The first filesystem that was developed as part of Linux was a Minix filesystem clone. At this time, the Minix filesystem stored its block addresses in 16-bit integers that restricted the size of the filesystem to 64MB. Also, directory entries were fixed in size and therefore filenames were limited to 14 characters. Minix filesystem support was replaced in 1992 by the ext filesystem, which supported filesystem sizes up to 2GB and filename sizes up to 255 characters. However, ext inodes did not have separate access, modification, and creation time stamps, and linked lists were used to manage free blocks and inodes resulting in fragmentation and less-than-ideal performance.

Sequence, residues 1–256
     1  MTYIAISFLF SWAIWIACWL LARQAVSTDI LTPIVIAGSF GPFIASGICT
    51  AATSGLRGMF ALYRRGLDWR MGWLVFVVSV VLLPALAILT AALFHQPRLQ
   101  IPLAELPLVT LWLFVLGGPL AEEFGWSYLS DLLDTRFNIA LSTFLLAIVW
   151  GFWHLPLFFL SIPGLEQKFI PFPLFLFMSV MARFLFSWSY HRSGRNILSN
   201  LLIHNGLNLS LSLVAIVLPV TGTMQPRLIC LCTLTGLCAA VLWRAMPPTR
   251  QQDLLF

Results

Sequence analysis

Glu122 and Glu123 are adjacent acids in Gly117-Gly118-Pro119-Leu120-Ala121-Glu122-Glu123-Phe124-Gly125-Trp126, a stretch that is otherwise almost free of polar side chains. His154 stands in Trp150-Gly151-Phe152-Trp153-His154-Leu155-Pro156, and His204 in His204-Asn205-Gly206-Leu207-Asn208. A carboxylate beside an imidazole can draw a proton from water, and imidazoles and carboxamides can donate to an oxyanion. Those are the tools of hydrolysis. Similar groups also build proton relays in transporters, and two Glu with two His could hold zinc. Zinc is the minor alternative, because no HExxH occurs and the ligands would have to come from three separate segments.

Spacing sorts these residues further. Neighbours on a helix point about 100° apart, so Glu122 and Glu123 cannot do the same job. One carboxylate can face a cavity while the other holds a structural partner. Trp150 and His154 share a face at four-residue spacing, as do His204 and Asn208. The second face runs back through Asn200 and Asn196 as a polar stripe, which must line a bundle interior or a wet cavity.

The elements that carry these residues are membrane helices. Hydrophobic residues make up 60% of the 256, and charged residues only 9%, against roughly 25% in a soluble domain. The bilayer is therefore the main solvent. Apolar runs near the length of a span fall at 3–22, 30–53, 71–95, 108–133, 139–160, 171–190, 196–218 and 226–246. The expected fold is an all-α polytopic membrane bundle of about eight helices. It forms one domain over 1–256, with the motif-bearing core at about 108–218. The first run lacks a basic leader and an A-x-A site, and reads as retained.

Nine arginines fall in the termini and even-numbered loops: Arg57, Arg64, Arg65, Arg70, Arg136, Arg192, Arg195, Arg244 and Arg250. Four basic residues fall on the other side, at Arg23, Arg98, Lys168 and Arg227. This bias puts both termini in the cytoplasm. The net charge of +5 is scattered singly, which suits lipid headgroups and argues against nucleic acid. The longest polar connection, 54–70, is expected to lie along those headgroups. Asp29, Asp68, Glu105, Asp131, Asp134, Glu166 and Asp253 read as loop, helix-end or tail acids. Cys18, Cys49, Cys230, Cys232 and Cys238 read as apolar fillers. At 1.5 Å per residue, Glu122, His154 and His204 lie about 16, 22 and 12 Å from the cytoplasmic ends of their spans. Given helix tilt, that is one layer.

These inadequacies were addressed by both the Xia filesystem and the ext2 filesystem (which was modelled on the BSD Fast File System), both of which provided a number of enhancements, including a better on-disk layout for managing filesystem resources. The improvements resulting in ext2 far outweighed those of Xia, and in ext2 became the defacto standard on Linux.
The following sections first describe the ext2 filesystem, followed by a description of how the filesystem has evolved over time to produce the ext3 filesystem which supports journaling and therefore fast recovery.
Shown below are the main features supported by ext2:
4TB filesystems. This required changes within the VFS layer. Note that the maximum file and filesystem size are properties of ...